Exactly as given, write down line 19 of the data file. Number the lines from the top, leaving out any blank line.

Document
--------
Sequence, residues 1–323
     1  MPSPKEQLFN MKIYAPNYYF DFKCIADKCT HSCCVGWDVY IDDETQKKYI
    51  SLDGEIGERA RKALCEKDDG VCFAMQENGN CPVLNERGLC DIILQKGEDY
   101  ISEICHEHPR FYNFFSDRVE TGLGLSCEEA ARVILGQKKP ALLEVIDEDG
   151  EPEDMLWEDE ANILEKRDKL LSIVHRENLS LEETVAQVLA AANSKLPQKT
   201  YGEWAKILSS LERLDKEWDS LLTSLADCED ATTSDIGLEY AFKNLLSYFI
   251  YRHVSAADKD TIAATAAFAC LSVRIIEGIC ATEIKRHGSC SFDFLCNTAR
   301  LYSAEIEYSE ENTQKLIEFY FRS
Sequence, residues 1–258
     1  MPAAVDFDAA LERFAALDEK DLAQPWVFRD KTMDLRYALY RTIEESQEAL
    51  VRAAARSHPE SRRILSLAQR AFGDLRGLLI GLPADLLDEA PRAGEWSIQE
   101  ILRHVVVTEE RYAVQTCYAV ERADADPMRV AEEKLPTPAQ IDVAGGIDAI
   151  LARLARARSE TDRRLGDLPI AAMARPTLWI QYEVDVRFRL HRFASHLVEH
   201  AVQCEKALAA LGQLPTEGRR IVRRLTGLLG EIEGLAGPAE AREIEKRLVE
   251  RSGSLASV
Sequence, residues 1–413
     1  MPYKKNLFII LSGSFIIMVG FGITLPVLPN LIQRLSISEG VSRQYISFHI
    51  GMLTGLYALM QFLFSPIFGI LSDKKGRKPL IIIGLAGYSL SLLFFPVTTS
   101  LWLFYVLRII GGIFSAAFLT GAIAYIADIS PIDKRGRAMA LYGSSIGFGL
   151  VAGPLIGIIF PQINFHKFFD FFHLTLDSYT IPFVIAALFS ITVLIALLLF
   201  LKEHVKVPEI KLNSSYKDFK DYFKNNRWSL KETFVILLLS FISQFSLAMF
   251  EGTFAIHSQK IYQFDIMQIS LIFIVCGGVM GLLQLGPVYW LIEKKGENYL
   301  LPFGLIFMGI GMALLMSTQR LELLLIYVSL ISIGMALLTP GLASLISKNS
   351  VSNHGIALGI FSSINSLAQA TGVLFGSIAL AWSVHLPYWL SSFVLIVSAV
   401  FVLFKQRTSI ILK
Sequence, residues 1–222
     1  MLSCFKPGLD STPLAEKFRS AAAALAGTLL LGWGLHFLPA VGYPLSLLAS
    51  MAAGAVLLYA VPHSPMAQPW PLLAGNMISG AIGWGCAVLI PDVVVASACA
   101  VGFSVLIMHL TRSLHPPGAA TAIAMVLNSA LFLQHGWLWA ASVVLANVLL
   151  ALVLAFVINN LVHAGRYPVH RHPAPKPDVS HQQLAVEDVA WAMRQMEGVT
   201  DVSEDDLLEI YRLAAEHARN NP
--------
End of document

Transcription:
   101  LWLFYVLRII GGIFSAAFLT GAIAYIADIS PIDKRGRAMA LYGSSIGFGL